2.Bernoulli’s theorem, the classical homogeneous figures and ours

Before going on with our heterogeneous model, we wish to discuss Bernoulli’s theorem as is commonly employed for obtaining the classical homogeneous figures (Lyttleton 1953; Dryden 1956), particularly the Dedekind ellipsoids which, along with our models, are static. The steady-state equations of motion for a self-gravitating fluid are

vgradv=gradV-1ρgradp, div v=0, (1)

where v is the velocity field, V is the potential and p is the pressure. These equations can also be written as

grad12v2-V+1ρp=v×rot v, div v=0 (2)

For a streamline (tangent to v) we get, after taking the dot product of v in the first equation (2),

v grad12v2-1ρp=0 (3)

that is

12v2-V+1ρp=k (4)

k being constant on a streamline. Commonly, k changes from one streamline to another, being an overall constant only when rot v = 0. The changes in k are dictated by [cf. equations (2) and (4)]

grad k=v×(rotv) (5)

The Maclaurin and Jacobi figures are characterized by the rotational velocity field

v=ω-y,x,0 (6)

where ω is the constant angular velocity. We can see that relation (6) satisfies the continuity equation div v = 0. According to equation (6), the k in Bernoulli’s equation is given by

grad k= 2ω2x,y,0 (7)

that is

kx=2ω2x, ky2ω2y, kz=0 (8)

From which we deduce

k=ω2x2+y2+c (9)

c being any constant. Therefore, Bernoulli’s equation (4) becomes

-12ω2x2+y2-V+1ρp=c (10)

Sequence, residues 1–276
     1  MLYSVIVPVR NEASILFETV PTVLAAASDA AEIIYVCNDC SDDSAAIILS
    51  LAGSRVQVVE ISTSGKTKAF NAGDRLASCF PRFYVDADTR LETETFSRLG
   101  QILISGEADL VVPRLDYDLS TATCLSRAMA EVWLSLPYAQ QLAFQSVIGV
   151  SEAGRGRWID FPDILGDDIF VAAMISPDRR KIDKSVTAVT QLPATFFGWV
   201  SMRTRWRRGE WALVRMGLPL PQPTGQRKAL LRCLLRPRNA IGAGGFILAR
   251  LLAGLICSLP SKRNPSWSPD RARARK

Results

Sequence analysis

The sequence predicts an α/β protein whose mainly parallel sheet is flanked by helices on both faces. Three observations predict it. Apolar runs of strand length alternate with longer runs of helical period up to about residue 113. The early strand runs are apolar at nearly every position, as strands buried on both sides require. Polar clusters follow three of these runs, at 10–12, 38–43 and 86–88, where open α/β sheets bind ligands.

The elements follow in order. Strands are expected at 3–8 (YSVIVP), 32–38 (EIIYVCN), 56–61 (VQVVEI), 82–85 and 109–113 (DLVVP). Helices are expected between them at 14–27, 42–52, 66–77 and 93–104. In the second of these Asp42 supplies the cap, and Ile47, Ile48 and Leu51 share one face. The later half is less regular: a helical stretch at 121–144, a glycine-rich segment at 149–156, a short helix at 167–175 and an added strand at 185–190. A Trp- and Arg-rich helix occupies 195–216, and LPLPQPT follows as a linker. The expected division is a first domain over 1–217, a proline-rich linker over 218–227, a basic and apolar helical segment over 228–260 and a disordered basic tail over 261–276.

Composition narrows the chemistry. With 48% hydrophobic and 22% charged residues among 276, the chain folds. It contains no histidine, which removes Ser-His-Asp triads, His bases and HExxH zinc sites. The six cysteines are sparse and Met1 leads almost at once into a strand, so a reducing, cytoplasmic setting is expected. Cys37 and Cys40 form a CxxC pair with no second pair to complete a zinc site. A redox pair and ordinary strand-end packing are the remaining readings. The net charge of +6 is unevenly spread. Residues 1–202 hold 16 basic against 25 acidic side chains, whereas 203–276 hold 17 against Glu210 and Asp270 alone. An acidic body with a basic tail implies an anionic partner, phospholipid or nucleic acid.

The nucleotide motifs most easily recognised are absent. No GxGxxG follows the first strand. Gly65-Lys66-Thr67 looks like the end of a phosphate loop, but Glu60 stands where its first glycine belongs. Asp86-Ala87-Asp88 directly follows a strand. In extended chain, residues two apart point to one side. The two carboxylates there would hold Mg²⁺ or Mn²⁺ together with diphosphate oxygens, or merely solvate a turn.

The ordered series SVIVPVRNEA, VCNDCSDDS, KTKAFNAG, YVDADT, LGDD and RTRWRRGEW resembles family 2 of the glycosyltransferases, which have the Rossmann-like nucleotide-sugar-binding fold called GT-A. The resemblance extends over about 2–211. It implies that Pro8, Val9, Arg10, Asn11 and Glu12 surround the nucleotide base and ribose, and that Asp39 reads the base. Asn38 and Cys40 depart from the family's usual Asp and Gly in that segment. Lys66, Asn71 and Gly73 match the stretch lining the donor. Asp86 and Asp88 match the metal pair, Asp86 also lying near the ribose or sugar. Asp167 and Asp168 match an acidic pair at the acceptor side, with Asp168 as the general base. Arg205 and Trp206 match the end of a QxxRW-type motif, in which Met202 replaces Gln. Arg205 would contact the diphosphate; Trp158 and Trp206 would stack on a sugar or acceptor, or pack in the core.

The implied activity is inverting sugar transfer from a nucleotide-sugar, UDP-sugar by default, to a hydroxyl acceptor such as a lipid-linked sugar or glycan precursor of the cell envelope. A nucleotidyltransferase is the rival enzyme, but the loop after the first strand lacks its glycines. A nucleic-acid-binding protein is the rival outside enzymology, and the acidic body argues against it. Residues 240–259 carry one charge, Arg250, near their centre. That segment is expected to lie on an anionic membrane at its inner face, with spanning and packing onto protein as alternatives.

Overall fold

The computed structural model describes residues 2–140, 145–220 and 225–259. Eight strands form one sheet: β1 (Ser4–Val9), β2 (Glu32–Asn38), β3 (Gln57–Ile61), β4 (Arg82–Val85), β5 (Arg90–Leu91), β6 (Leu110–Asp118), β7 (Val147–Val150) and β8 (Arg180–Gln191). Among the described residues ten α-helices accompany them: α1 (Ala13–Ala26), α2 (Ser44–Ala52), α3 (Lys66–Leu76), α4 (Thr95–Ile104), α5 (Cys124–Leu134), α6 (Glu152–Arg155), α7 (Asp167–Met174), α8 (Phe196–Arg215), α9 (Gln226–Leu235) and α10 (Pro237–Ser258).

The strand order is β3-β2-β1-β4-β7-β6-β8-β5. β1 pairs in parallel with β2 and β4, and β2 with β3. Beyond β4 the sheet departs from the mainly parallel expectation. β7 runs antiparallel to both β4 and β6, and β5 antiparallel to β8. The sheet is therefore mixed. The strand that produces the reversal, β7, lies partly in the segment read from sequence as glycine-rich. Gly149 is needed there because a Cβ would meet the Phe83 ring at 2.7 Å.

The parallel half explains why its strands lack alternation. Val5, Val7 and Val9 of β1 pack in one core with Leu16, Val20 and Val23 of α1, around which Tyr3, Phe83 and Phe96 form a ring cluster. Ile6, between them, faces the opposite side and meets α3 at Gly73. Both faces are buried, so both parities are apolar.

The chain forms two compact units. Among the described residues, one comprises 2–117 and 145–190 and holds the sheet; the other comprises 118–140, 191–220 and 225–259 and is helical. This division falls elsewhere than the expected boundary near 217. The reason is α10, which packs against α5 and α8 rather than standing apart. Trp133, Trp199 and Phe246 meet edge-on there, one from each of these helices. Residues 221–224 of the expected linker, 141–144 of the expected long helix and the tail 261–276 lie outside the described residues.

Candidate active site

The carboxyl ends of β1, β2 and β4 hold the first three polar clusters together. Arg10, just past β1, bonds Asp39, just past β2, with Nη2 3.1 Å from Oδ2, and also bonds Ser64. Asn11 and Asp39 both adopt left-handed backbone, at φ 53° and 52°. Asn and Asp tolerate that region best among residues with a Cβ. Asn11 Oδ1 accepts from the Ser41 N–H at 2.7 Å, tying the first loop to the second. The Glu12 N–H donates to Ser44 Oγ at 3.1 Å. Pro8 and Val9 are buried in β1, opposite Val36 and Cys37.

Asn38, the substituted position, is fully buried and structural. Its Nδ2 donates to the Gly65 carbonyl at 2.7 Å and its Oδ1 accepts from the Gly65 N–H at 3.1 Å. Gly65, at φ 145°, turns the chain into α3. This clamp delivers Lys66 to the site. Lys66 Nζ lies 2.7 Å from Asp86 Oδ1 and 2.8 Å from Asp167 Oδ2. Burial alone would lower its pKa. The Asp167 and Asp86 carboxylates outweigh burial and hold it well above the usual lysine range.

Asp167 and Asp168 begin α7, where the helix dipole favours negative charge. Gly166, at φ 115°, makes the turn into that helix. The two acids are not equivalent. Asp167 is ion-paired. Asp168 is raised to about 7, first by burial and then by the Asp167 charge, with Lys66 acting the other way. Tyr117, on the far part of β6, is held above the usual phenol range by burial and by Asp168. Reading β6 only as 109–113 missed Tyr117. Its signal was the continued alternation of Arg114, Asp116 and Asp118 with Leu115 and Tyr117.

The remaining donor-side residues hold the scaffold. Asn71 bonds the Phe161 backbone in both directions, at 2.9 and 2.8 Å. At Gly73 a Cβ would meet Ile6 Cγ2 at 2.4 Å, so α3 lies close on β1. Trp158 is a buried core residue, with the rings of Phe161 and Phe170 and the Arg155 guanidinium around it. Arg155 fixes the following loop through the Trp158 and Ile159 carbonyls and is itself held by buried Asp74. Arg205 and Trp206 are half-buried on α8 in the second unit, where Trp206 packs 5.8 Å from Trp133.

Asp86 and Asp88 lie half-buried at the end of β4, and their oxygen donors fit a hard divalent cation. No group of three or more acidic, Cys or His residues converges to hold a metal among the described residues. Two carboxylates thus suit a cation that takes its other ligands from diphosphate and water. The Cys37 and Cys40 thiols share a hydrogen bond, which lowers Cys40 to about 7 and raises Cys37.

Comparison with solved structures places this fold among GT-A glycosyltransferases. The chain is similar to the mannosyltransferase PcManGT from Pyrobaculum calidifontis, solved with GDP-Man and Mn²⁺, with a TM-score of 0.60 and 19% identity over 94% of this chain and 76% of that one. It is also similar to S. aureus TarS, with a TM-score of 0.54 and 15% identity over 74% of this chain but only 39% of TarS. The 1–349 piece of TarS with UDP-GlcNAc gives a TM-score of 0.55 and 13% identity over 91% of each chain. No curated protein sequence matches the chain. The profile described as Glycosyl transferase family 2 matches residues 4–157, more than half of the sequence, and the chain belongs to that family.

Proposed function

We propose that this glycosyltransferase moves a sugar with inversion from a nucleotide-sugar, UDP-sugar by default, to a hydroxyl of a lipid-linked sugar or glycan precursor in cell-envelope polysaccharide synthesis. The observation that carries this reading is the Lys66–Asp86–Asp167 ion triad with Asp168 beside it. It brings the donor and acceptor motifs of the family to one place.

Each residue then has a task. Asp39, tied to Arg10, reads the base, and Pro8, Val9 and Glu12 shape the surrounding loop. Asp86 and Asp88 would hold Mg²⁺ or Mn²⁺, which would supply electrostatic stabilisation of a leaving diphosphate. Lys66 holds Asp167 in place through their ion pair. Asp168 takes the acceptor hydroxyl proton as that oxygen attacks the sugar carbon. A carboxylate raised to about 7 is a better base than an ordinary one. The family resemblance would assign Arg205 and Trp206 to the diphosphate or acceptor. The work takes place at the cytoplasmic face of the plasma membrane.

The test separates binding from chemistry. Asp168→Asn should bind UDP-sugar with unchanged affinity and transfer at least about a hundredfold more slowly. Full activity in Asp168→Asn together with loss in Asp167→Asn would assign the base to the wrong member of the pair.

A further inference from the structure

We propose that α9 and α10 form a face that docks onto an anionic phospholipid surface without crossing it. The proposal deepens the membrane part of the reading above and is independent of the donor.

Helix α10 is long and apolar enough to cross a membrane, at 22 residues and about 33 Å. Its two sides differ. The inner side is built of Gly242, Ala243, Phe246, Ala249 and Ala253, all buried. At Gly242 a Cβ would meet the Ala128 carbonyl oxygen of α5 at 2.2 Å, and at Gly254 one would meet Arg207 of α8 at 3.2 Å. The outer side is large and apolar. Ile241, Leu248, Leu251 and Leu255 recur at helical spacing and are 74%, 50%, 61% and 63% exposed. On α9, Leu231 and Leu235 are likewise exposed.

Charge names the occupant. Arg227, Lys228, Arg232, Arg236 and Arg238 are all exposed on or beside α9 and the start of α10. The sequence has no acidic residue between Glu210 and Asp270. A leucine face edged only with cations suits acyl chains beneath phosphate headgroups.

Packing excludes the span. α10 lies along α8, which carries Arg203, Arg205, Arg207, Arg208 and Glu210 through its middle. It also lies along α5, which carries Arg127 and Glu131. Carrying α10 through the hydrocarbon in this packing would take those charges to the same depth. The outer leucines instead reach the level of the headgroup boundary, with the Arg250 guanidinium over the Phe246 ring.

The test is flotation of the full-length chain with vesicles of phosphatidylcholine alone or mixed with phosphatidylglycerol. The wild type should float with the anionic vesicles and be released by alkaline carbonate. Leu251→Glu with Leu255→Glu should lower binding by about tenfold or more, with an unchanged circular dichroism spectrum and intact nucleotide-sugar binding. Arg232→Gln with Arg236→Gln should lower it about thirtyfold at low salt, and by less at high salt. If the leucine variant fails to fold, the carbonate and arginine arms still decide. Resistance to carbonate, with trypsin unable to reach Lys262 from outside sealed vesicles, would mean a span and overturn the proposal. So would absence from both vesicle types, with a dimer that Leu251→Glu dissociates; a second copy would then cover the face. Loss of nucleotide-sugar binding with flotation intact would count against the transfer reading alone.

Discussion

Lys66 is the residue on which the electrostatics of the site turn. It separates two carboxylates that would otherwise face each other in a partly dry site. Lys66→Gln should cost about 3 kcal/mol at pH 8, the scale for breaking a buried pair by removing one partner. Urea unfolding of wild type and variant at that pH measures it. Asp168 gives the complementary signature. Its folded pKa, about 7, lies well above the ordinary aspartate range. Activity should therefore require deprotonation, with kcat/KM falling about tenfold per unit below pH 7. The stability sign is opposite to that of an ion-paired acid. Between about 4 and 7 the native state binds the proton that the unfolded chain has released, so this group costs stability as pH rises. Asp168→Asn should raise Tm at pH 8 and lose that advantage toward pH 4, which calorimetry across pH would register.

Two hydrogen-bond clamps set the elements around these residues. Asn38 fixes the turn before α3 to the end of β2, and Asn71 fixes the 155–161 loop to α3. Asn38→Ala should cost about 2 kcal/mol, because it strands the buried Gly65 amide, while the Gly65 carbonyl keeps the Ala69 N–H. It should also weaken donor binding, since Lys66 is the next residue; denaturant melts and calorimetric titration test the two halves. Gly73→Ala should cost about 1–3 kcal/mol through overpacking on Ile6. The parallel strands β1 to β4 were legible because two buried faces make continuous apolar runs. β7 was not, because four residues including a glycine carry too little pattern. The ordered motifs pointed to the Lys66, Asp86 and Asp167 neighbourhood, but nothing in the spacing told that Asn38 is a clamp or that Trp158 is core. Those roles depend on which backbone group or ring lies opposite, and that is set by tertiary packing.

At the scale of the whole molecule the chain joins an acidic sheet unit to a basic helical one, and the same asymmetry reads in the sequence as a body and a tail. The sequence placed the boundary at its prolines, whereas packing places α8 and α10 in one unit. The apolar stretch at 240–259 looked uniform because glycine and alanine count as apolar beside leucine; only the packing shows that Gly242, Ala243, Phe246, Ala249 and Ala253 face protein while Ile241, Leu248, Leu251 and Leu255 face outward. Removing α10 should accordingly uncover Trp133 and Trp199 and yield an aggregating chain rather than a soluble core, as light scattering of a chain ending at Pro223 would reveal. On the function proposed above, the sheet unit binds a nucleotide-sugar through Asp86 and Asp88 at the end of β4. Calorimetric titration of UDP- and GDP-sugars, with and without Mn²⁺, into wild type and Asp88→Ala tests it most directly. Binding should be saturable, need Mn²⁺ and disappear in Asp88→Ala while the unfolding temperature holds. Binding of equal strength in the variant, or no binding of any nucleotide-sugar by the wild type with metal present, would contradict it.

which agrees with the well-known equation.1

While the Jacobi and the Maclaurin figures rotate as a rigid body, a Dedekind ellipsoid (1, e2, e3 are the major, middle, and minor semi-axes) remains fixed in space, its equilibrium being due to an internal motion of uniform vorticity ζ, its velocity field being

v=ζ1+e22-y,e22x,0 (11)

We can convince ourselves that V is tangent to ellipses x2 + y2/e22 = const.. Hence, streamlines are ellipses perpendicular to the z-axis. For ζ constant, the velocity field satisfies the continuity equation, and k obeys the relation

grad k= ζ21+e22e22x,y,0 (12)

so that

kx=ζ21+e22e22x, ky=ζ21+e22y, kz=0 (13)

The solution of the partial differential equations (13) is

k=ζ221+e22e22x2+y2+c (14)

where c is an arbitrary constant. In this case, Bernoulli’s equation


reduces to

-V-e22ζ22e22+12x2+y2+1ρp=c (15)

This is essentially equation (10) for obtaining the Jacobi ellipsoids if we put

ω2=ζ2e222e22+12 (16)

a known result that establishes the equivalence between Jacobi’s angular velocity and Dedekind’s vorticity (Chandrasekhar 1969). Of course, if we had assumed from the beginning that k = const., it would have been impossible to reach equation (15).

2.1. General Case with Cylindrical Symmetry

Each fluid point rotates, now, with non-constant angular velocity ω. The velocity field is given again by

v=ω-y,x,0 (17)

but the continuity equation leads, presently, to

div v=-yωx+xωy=0


ωx2=ωy2 (18)

which means that, generally, the angular velocity must be a function of the kind

ω=ωx2+y2,z (19)

Assuming, additionally, that the velocity field is symmetric about the z-axis, we can express it as

ω=ωx2+y2,z2 (20)

Here, it is more convenient to use cylindrical coordinates (R, φ, z), and so the problem is independent of one coordinate: φ. In this system, the velocity field (tangent to circles) has a φ-component alone:

v=ω0.R,0 (21)

Equation (5) will have two terms only:

kR2=ωR2ωR2+ω, kz2=R2ωωz2 (22)

Making the variable change

ω=2ΩR2 (23)

equations (22) become

kR2=ΩR2+1R2Ω, kz2=Ωz2 (24)

From the last of equations (24), we deduce

kR2,z2=ΩR2,z2+fR2 (25)

where f is an arbitrary function. Therefore, the first equation (24) implies that